Biography of Russel R. Jacques
FROM: History of Livingston County, New York
By James H. Smith
Assisted by Hume H. Cole
Published By D. Mason & Co. 1881


Russel R. Jacques, the subject of this biography, was born in the State of Vermont, February 11, 1807. His mother dying in his infancy, his father, Darius Jacques, entrusted him and his sister Caroline—the only surviving children—to the care of an aunt, Mrs. Williams, in Chenango county, N. Y.

In 1813, he removed with them to the town of Richmond, Ontario county, where he purchased a small farm.

In 1815, Darius Jacques married the widow of Levi VanFossen, and in the following year moved with his family to what was known as the VanFossen Mills.

Russel R., was then nine years old. His father, though a man of collegiate education, gave his son but the educational advantages of the common schools, the higher schools of those days being remote and expensive. Being naturally inclined to study he availed himself of the opportunities of the common schools, and at the age of thirteen went to Canandaigua to secure the better educational advantages there presented. In that place he remained some five years, and then went to Geneseo where he attended school some two years. While at this place his father lost his eyesight, and he being the only child, was called home to take care of the afflicted parent, at the sacrifice of any ambition he might have had in other directions. Here, at the foot of Hemlock lake, he began the life of a farmer, in which pursuit, and in the same place, he has continued to the present time.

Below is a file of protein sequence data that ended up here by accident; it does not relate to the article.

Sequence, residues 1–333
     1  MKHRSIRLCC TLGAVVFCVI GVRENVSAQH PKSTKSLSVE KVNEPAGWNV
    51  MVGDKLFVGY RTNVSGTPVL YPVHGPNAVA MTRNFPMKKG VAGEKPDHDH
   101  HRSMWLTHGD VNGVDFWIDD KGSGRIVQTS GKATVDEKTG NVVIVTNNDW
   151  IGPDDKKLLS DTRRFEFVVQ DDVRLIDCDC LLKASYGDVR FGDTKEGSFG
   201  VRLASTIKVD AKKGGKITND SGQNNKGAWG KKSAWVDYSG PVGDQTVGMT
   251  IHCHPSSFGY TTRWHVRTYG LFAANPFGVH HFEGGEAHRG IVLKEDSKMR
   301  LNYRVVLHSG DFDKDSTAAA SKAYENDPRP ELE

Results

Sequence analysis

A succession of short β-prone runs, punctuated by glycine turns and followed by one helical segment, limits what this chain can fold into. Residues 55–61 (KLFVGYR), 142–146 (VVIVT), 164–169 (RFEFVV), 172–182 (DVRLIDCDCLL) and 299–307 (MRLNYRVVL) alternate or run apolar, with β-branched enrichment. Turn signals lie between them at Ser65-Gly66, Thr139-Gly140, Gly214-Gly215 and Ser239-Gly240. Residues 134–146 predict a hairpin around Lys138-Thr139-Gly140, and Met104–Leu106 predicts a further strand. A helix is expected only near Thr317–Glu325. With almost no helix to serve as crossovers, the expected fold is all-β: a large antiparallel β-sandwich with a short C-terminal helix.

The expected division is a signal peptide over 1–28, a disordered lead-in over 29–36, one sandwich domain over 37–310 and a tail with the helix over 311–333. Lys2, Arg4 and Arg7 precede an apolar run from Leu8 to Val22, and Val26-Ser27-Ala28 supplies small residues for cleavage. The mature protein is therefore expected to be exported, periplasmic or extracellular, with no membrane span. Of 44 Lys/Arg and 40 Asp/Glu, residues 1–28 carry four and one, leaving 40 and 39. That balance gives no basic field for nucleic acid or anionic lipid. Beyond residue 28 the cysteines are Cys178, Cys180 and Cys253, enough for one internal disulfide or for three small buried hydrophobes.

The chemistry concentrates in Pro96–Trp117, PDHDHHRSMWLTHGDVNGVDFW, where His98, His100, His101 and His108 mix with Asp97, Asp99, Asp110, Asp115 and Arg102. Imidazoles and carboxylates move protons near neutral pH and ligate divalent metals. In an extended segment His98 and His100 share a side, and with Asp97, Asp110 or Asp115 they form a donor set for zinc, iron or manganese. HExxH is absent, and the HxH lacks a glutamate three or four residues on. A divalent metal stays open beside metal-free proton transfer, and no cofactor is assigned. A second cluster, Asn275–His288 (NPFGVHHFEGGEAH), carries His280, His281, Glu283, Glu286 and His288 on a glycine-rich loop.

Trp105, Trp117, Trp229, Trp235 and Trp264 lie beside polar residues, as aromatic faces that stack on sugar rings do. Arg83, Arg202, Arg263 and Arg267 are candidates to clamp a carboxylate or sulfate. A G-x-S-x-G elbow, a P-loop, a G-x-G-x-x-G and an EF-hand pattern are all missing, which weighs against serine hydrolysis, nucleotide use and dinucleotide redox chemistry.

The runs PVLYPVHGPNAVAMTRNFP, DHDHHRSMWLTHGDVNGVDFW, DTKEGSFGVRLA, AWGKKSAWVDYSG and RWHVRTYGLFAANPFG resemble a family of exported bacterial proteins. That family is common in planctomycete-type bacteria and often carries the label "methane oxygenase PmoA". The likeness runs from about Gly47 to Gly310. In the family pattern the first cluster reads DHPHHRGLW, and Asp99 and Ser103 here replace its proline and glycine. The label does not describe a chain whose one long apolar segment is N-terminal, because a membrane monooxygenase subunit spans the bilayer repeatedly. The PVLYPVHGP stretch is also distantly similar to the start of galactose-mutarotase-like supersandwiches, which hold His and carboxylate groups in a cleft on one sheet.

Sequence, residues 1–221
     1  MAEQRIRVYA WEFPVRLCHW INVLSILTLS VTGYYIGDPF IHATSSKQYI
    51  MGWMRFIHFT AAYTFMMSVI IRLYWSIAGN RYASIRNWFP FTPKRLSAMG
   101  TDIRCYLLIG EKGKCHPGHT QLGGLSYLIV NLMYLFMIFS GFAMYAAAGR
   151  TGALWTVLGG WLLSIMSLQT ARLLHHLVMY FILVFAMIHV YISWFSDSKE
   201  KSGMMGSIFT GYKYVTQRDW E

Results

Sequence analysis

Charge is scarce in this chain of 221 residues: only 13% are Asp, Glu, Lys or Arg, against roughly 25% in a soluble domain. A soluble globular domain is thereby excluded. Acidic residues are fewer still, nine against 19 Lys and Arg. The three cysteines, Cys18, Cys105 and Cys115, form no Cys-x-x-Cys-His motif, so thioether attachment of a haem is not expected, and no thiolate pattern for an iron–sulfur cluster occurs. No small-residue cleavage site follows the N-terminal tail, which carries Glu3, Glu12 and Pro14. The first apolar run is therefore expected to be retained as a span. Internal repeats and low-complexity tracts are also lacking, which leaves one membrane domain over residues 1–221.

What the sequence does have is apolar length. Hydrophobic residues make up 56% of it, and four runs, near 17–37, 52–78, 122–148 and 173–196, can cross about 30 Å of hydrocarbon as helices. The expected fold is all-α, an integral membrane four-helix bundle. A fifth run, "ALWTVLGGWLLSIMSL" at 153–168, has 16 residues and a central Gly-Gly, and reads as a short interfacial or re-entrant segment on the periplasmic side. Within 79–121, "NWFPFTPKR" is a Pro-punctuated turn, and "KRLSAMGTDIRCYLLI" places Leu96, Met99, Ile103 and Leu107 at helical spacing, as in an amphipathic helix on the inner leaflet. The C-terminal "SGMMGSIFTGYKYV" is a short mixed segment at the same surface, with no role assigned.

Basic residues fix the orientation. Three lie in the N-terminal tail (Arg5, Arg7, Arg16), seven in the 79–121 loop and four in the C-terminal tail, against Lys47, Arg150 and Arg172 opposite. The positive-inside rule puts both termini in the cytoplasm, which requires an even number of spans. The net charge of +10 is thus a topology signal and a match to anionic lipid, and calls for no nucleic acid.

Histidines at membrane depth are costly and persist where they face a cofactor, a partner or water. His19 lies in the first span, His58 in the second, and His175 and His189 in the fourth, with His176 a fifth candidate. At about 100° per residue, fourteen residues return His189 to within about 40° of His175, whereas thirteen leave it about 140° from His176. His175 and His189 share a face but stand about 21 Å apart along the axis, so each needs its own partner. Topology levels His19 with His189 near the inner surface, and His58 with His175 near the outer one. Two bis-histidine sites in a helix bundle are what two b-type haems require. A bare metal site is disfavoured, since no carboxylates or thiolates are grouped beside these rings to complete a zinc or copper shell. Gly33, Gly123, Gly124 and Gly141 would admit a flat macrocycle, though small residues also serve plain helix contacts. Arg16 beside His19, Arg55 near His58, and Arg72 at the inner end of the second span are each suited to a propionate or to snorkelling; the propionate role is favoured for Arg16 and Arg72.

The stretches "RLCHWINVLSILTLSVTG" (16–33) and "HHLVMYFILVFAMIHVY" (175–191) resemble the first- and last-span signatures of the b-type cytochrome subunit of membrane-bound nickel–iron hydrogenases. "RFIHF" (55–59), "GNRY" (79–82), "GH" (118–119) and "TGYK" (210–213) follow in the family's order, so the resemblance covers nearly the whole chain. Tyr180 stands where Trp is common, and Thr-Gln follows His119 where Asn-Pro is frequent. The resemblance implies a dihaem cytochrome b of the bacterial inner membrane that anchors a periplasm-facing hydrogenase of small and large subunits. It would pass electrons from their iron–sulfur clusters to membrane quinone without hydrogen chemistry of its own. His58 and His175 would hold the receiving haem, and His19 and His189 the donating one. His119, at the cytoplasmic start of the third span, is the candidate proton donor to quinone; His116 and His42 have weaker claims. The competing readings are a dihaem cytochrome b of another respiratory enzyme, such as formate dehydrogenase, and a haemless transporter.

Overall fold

In 1834, he was married to Miss Harriet Francis, daughter of Elihu Francis, who then owned the farm now owned by Mr. Lindsey.

In 1841, he was elected magistrate of the town, serving four years, at the close of the term declining reelection.

In 1851, he built a large farm-house, which in 1861 was devoted to the accommodation of summer tourists to the beautiful region of Hemlock Lake. During the years which followed, the place became a popular resort, and his accommodations being insufficient he was, in 1873, induced to enlarge his house to a capacity affording accommodations to seventy-five persons, giving to it the name of the Jacques House. To this place, in the summer months, come tourists from various parts of the country, who make this house their
home, or who occupy the cottages built on leased or purchased lots from his farm.

Of the pioneer of this delightful summer resort, it may be said that he is a man of genial, social nature, ardent and appreciative in his friendships, a staunch advocate of the right, responsive to the call of the poor and unfortunate, a lover of his country and an admirer of the beautiful in nature and now, in the yellow leaf of life, believing that, though unknown here, when God comes in His kingdom He will perhaps remember him as well as the philosophers, statesmen and heroes who have won the plaudits of the world.

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